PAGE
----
(Pictured: Bo Derek in the movie 10.)
Here we go with the customary dive into the Bottom 60 of the Top 40 featured in a post last week, from February 9, 1980.
41. “Looks Like Love Again”/Dann Rogers
56. “Better Love Next Time”/Dr. Hook
62. “Three Times in Love”/Tommy James
65. “I Wish I Was Eighteen Again”/George Burns
85. “Where Does the Lovin’ Go”/David Gates
87. “My Heroes Have Always Been Cowboys”/Willie Nelson
91. “Holdin’ on for Dear Love”/Lobo
Many of the songs popular during the winter of 1980 put me back into the studio at KDTH in Dubuque, Iowa, where I worked my first paying radio job. It was a fabulous place for a young broadcaster to start, with a lot of talented veterans to learn from. At the time, however, I am pretty sure I neither appreciated it enough nor learned all that I could have. (The latter is kind of disturbing, because as it was, the young idiot I was learned a lot.) The station’s music format was mostly country most of the time, although it played a lot of pop records too (Dann Rogers, Dr. Hook, Tommy James, David Gates, and Lobo among them, as well as Dionne Warwick, Barry Manilow, Dan Fogelberg, and Neil Diamond from the week’s Top 40). “I Wish I Was Eighteen Again,” which made the KDTH phones blow up, went to #15 on Billboard‘s country chart, and “My Heroes Have Always Been Cowboys” would hit #1.
48. “Flirtin’ With Disaster”/Molly Hatchet
50. “When a Man Loves a Woman”/Bette Midler
51. “I Thank You”/ZZ Top
54. “Back on My Feet Again”/Babys
57. “Cool Change”/Little River Band
58. “Voices”/Cheap Trick
59. “You Know That I Love You”/Santana
61. “Can We Still Be Friends”/Robert Palmer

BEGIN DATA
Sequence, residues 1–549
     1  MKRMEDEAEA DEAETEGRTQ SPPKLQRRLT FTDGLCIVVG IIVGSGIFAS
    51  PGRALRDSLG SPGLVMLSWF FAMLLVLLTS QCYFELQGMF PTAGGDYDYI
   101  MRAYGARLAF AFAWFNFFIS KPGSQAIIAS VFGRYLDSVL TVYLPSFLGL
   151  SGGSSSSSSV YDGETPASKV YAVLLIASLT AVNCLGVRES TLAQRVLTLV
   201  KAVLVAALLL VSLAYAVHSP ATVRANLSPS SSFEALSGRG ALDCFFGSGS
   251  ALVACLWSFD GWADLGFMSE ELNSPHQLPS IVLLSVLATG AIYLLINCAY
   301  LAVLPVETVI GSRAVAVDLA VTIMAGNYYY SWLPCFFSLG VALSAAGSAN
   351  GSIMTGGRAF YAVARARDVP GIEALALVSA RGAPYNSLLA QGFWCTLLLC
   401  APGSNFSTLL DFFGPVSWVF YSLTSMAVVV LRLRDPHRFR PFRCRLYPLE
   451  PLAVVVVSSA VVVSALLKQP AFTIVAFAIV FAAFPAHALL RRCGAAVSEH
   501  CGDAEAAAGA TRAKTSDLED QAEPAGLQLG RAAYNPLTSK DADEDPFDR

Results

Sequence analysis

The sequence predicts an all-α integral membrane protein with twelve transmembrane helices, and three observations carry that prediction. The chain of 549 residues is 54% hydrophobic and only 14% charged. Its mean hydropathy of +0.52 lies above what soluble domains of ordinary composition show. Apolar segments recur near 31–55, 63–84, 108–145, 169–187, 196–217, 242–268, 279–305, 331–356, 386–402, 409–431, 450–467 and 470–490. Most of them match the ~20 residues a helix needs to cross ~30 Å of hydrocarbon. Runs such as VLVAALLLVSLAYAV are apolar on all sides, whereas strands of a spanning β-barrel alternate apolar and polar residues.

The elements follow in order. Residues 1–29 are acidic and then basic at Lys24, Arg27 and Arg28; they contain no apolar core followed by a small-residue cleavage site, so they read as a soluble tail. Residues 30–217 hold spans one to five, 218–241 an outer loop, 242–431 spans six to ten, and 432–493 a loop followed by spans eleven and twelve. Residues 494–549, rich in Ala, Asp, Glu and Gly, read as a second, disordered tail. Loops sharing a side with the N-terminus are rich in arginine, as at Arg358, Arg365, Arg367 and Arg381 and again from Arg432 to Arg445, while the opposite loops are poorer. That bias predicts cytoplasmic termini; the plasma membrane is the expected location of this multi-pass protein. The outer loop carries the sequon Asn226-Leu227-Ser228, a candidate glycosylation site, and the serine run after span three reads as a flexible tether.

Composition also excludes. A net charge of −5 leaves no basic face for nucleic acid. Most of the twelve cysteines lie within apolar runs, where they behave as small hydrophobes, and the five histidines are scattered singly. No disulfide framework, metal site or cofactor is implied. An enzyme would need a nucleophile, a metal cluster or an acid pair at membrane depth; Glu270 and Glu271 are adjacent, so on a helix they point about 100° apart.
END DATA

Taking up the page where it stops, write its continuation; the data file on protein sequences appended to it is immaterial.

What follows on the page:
67. “Remember (Walking in the Sand)”/Aerosmith
70. “Rockin’ Into the Night”/.38 Special
71. “Come Back”/J. Geils Band
73. “Baby Talks Dirty”/The Knack
78. “Jane”/Jefferson Starship
80. “I Don’t Like Mondays”/Boomtown Rats
82. “Even It Up”/Heart
90. “I Like to Rock”/April Wine
97. “Dirty Water”/Inmates
99. “Head Games”/Foreigner
107. “You Won’t Be There”/Alan Parsons Project
But my weekend job was a sideshow to the one I cared about the most: being program director of the campus radio station. It had been a Top-40 station when I started on it a year earlier before an uncomfortable semester as an album rock/R&B/funk/jazz hybrid. It had gone to a full-blown album-rock format in the fall of 1979. When I took over, we expanded the library to something like 2,000 songs, going deep and wide on what we considered to be the best AOR artists, but at the same time making sure we frequently played the strongest AOR cuts: your Free Birds, Laylas, and Stairways to Heaven.
I was not especially interested in new music discovery, and I wasn’t alone. Most of us wanted to play the hits. I left the programming of current music to the station’s music director, at least at the beginning. We would eventually have our disagreements, as his taste was vastly different from mine. What I perceived as input he perceived as meddling—and vice versa. It occurs to me now that, like the KDTHers, he was somebody from whom I could have learned a great deal. But while I recognized that people at KDTH had a lot to teach me, I walked around the campus station as if I already knew it all.
As I have said before, it’s a wonder I have any friends left from that time.
(“I Like to Rock” borrows riffs from the Beatles’ “Day Tripper” and the Stones’ “Satisfaction” just before the fade. I’m not sure I noticed that 41 years ago, but I did while writing this post.)
49. “Give It All You Got”/Chuck Mangione. When “Give It All You Got” hit the chart in January, we already knew that it would be ABC’s theme music for coverage of the 1980 Winter Olympics, which opened during the week of this chart.
81. “Lost in Love”/Air Supply. Someday I will assemble the entire list of songs I have claimed to be completely irrational about.
86. “Peanut Butter”/Twennynine Featuring Lenny White. After leaving the fusion band Return to Forever, White formed Twennynine to play R&B and funk music. “Peanut Butter” was a big R&B hit but would stall at #83 on the Hot 100.
101. “Ravel’s Bolero”/Henry Mancini. “Ravel’s Bolero” was famously used in the movie 10, which had been released the previous fall. I didn’t see it until I moved off campus and my TV-engineer roommates pirated an HBO subscription. I don’t recall that it left much of an impression on me. It would have taken more than Bo Derek to get me to stop thinking about radio.